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The Sack of Constantinople, 1453

The Destruction of the Last Vestige of the Roman Empire
The ancient city of Constantinople, located in modern Turkey and today known as Istanbul, was founded by the Roman Emperor Constantine in 330 who made it the seat of his reign. When the western portion of the Roman Empire disintegrated in the fifth century (see The Fall of Rome) Western Europe was propelled into the Dark Ages. However, vestiges of the glory of the Roman Empire lived on in the city-state of Constantinople for over one thousand years.

By the middle of the fifteenth century, the prominence of Constantinople and the Byzantine Empire that it ruled had suffered a dramatic decline. The city found itself entirely surrounded by an Ottoman Empire eager to expand its domain. The final blow came in the spring of 1453 when the Ottoman Turks, led by the Sultan Mehmed II, besieged the city for fifty-seven days.  On May 29 the Sultan led an over-whelming force that successfully breached the walls of the city and proceeded to massacre the citizenry. Following his victory, the Sultan moved the Ottoman capital from Adrianople to Constantinople. The last vestige of the ancient Roman Empire was no more.

"Nothing will ever equal the horror of this harrowing and terrible spectacle."

An observer describes the scene:

"Nothing will ever equal the horror of this harrowing and terrible spectacle. People frightened by the shouting ran out of their houses and were cut down by the sword before they knew what was happening. And some were massacred in their houses where they tried to hide, and some in churches where they sought refuge.

The enraged Turkish soldiers . . . gave no quarter. When they had massacred and there was no longer any resistance, they were intent on pillage and roamed through the town stealing, disrobing, pillaging, killing, raping, taking captive men, women, children, old men, young men, monks, priests, people of all sorts and conditions . . . There were virgins who awoke from troubled sleep to find those brigands standing over them with bloody hands and faces full of abject fury. This medley of all nations, these frantic brutes stormed into their houses, dragged them, tore them, forced them, dishonored them, raped them at the cross-roads and made them submit to the most terrible outrages. It is even said that at the mere sight of them many girls were so stupefied that they almost gave up the ghost.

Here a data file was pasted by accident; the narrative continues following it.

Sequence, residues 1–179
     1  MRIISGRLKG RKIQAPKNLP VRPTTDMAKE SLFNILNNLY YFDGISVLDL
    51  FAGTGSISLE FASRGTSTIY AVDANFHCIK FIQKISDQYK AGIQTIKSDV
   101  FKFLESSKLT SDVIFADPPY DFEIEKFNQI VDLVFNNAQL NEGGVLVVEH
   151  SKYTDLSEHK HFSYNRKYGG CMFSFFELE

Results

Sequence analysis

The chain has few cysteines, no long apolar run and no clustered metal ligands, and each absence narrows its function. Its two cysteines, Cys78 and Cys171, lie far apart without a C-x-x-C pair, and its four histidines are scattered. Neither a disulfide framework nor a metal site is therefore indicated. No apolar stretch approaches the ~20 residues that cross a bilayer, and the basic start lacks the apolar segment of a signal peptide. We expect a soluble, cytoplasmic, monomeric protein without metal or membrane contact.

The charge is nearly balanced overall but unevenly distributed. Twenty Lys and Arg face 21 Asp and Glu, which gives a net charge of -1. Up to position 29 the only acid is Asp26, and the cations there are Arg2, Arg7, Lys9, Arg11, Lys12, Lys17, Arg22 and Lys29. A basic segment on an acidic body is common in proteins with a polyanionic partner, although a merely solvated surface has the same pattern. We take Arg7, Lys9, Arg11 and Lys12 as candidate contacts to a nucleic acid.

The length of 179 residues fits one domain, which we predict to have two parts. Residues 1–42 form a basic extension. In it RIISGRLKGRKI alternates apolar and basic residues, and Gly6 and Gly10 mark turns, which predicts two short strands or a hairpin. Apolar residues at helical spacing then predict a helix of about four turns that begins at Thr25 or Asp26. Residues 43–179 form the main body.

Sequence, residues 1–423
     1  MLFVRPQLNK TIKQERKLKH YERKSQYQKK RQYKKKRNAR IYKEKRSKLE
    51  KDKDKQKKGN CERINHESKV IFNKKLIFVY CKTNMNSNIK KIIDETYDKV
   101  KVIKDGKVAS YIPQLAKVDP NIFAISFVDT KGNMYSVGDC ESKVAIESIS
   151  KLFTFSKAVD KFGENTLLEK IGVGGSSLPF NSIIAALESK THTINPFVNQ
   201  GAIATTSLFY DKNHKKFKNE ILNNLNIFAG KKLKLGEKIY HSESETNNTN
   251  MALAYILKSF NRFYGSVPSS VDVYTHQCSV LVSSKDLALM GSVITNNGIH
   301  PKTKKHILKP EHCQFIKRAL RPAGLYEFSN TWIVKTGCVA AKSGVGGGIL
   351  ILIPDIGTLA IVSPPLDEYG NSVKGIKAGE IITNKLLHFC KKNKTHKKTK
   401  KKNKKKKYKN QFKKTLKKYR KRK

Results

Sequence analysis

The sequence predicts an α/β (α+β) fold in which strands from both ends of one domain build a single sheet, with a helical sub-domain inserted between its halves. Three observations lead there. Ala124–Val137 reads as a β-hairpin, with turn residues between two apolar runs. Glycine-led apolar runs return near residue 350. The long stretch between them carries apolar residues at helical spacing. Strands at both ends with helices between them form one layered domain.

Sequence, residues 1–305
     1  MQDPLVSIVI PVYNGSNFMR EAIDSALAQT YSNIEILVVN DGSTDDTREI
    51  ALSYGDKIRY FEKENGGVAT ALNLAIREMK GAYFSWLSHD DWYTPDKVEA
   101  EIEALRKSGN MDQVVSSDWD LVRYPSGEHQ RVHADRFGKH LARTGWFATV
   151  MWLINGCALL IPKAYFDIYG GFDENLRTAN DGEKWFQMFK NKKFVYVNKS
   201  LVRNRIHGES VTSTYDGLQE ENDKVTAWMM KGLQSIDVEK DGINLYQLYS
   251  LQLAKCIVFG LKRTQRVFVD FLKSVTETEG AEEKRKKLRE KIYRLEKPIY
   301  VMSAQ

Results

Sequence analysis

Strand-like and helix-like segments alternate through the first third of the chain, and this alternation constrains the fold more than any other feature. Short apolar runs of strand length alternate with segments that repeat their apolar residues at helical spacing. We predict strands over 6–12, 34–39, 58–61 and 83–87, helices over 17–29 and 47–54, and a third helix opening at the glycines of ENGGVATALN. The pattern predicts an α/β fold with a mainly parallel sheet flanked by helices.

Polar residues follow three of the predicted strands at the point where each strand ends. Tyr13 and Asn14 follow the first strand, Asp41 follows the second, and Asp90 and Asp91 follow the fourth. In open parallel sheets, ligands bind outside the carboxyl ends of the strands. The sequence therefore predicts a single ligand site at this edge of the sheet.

Old men of venerable appearance were dragged by their white hair and piteously beaten. Priests were led into captivity in batches, as well as reverend virgins, hermits and recluses who were dedicated to God alone and lived only for Him to whom they sacrificed themselves, who were dragged from their cells and others from the churches in which they had sought refuge, in spite of their weeping and sobs and their emaciated cheeks, to be made objects of scorn before being struck down. Tender children were brutally snatched from their mothers' breasts and girls were pitilessly given up to strange and horrible unions, and a thousand other terrible things happened. . .

Temples were desecrated, ransacked and pillaged . . . sacred objects were scornfully flung aside, the holy icons and the holy vessels were desecrated. Ornaments were burned, broken in pieces or simply thrown into the streets. Saints' shrines were brutally violated in order to get out the remains which were then thrown to the wind. Chalices and cups for the celebration of the Mass were set aside for their orgies or broken or melted down or sold. Priests' garments embroidered with gold and set with pearls and gems were sold to the highest bidder and thrown into the fire to extract the gold. Immense numbers of sacred and profane books were flung on the fire or tom up and trampled under foot. The majority, however, were sold at derisory prices, for a few pence. Saints' altars, tom from their foundations, were overturned. All the most holy hiding places were violated and broken in order to get out the holy treasures which they contained . . .

When Mehmed (II) saw the ravages, the destruction and the deserted houses and all that had perished and become ruins, then a great sadness took possession of him and he repented the pillage and all the destruction. Tears came to his eyes and sobbing he expressed his sadness. 'What a town this was! And we have allowed it to be destroyed'! His soul was full of sorrow. And in truth it was natural, so much did the horror of the situation exceed all limits."

   This eyewitness account appears in: Routh, C. R. N. They Saw It Happen in Europe 1450-1600 (1965).

How To Cite This Article:
"The Sack of Constantinople, 1453" EyeWitness to History, (2011).